BAuA projects with third-party funding

To complement the research financed out of its own budget, the Federal Institute for Occupational Safety and Health (Bundesanstalt für Arbeitsschutz und Arbeitsmedizin, BAuA) also competes nationally and internationally for third-party funding. BAuA pursues a range of goals with its third-party-funded activities, for instance giving the study of safety and health in the world of work a higher profile in academia, encouraging up-and-coming young researchers, and anchoring BAuA in the science system.

Detail of a face with glasses reflecting a computer monitor.
© iStock | gorodenkoff

Its commitment to third-party-funded research not only enables BAuA to broaden its resource base, but also to network proactively with university and non-university research partners. All the Institute’s projects with third-party funding support the objectives and tasks defined in BAuA’s main strategic document, its Work and Research Programme. The framework for their targeted, quality-assured, process-driven implementation is laid down by the Institute’s internal third-party-funding strategy.

In the last few years the Institute’s principle funding providers have been the Federal Ministry of Education and Research (Bundesministerium für Bildung und Forschung, BMBF) and the EU’s key research funding programmes (Horizon 2020, Horizon Europe). In 2022 BAuA took part in twenty-five ongoing projects with third-party funding.

Three recently approved third-party-funded projects are discussed below.

German Centre for Mental Health

The German Centres for Health Research are large research alliances funded by the BMBF with the aim of improving the treatment and prevention of common conditions like cancer and cardiovascular, metabolic, infectious, lung, and neurodegenerative diseases. The new German Centre for Mental Health (Deutsches Zentrum für psychische Gesundheit, DZPG) was established in 2022 following a two-stage competitive process. The DZPG brings together various scientific disciplines (above all psychiatry, neuroscience, social medicine, public health, and psychology) at six sites across Germany to do research into mental diseases and further develop therapeutic and preventive approaches.

BAuA is one of the partners working at the Bochum site, which is led by the Ruhr University Bochum’s Mental Health Research and Treatment Center. The Bochum team is distinguished by its orientation towards clinical psychology and its focus on different life worlds, such as the family, school, and work. The expertise BAuA has built up over many years on the correlations between work and mental health will be brought to bear on these concerns.


Apart from reliable technologies, it is control centre personnel in particular who, with their extensive experiential knowledge, guarantee the safe operation of gas and power grids. The BMBF is funding the Stress-optimized Work Design for Critical Infrastructure Network Control Centres (Beautiful) project, the purpose of which is to improve working conditions for personnel at the control centres that manage our critical infrastructure. BAuA is contributing by conducting a specialised sub-project.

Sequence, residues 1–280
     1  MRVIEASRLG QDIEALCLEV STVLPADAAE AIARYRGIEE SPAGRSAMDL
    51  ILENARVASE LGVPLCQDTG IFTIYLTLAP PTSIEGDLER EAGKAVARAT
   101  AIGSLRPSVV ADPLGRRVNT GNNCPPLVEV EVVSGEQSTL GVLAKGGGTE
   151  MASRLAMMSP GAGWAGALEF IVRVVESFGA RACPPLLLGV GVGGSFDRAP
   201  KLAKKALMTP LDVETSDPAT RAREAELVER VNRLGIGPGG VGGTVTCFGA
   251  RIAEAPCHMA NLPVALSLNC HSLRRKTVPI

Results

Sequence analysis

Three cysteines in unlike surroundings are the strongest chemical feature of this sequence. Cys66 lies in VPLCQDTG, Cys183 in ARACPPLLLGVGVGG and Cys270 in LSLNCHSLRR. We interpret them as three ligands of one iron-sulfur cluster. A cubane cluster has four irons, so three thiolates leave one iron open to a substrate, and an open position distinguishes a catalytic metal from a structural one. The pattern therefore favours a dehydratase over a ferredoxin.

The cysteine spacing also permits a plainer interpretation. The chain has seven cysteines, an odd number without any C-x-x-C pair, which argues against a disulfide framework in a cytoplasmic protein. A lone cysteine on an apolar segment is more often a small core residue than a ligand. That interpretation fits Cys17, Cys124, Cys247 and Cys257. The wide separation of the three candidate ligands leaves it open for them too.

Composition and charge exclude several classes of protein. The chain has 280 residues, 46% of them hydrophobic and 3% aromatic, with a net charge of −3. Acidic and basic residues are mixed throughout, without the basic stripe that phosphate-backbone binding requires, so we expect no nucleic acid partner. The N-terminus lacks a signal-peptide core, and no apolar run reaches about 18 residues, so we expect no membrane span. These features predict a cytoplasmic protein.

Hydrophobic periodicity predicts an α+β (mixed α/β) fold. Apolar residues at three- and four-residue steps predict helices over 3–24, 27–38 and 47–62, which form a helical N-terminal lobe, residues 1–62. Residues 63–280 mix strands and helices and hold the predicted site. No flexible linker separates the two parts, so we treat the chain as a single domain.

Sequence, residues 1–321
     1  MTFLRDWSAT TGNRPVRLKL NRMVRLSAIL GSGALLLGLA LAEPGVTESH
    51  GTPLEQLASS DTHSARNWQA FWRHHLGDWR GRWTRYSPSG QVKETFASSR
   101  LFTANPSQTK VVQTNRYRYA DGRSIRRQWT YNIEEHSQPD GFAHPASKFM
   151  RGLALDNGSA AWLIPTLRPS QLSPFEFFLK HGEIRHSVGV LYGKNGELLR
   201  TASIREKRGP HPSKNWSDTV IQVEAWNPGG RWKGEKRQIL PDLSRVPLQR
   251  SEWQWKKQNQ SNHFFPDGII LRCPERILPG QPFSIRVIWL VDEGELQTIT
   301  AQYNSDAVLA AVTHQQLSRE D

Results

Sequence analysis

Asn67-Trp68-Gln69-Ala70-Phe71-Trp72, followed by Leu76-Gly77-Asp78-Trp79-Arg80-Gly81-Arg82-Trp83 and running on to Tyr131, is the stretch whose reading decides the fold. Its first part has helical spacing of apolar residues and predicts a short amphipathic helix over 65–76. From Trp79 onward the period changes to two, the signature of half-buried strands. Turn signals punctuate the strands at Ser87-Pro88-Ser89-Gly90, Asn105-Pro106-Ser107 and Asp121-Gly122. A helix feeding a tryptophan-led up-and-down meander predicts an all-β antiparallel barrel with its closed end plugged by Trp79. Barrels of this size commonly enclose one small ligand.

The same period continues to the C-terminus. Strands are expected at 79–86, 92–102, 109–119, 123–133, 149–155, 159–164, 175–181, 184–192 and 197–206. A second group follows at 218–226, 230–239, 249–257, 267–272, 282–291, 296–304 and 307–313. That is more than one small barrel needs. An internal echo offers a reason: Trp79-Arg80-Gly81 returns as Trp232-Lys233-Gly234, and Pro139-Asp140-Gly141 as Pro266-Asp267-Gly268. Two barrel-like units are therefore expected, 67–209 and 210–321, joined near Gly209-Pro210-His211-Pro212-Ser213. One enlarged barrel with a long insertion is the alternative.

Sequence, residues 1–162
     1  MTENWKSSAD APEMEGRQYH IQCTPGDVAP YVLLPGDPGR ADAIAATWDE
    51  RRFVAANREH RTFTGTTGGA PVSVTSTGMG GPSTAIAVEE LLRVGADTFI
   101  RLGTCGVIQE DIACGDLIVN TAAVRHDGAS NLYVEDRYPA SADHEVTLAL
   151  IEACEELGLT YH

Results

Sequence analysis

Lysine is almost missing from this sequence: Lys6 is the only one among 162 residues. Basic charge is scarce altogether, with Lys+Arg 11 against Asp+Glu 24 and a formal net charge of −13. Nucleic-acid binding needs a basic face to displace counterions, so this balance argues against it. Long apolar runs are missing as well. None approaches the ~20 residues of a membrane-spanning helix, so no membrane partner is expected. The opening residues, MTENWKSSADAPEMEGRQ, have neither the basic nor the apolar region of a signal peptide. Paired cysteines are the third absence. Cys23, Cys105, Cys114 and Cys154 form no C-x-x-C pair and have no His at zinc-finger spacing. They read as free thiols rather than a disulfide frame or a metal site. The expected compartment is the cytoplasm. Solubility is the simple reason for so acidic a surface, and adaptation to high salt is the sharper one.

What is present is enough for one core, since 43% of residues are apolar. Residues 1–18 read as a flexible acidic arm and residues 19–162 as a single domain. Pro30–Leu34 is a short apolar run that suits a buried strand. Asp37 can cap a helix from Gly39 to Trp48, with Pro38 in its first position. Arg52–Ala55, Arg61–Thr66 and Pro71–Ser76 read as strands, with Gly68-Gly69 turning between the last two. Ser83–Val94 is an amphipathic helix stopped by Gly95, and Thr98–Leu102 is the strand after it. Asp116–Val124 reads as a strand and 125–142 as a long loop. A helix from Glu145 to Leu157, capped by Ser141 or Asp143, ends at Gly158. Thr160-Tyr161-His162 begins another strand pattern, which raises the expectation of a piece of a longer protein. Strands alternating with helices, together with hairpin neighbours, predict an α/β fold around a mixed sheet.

Under Beautiful, an interdisciplinary consortium is addressing the challenge of developing high-performance assistance systems for ever more demanding monitoring and management tasks. Such assistance systems are intended to support safe decision-making in complex situations under extreme time pressure. The hope is that transparency and trust in these systems will be boosted by carrying out standardised assessments of the added value they deliver for control centre personnel.


The European construction industry faces a number of challenges, such as raising productivity, enhancing workplace safety and health, and making the transition to greener, more sustainable processes. The Human-Centred Technologies for a Safer and Greener European Construction Industry (HumanTech) project is funded by Horizon Europe and intended to develop new concepts that help the sector tackle these challenges in appropriate ways.

The HumanTech project is rooted in a human-centred approach that takes account of the capabilities offered by innovative wearable devices and smart robotics. These technologies are designed to support employees or facilitate human-robot collaboration on work tasks. BAuA’s contribution will consist in assessing relevant technologies from an ergonomic point of view. As part of this, there are plans to carry out iterative surveys of the levels of acceptance these technologies enjoy. The first stage will involve interviewing trial participants, but further investigations are to be conducted in real workplaces, allowing practically grounded results to be reached.


The Horizon Europe-funded project Advanced Characterisation Methodologies to assess and predict the Health and Environmental Risk of Advanced Materials (MACRAMÉ) is seeking to develop harmonised, standardised characterisation and testing methodologies. BAuA is a member of this consortium.

The methodologies to be developed will be important both for occupational safety and health and for the coherent system of regulation aspired to under EU chemicals safety legislation. At the same time MACRAMÉ is expanding the previous focus of the Malta Initiative and the NanoHarmony and Gov4Nano projects, which have primarily concentrated on simple (metal oxide) nanoparticles. With its studies of fibrous and 2D materials, MACRAMÉ will therefore provide important inputs to the regulatory regime that is envisaged, which will give adequate and comprehensive consideration to morphologically determined health risks.

F 2512, NanoHarmony - Towards harmonised test methods for nanomaterials - BAuA contribution

F 2477, Implementation of risk governance: meeting the needs of nanotechnology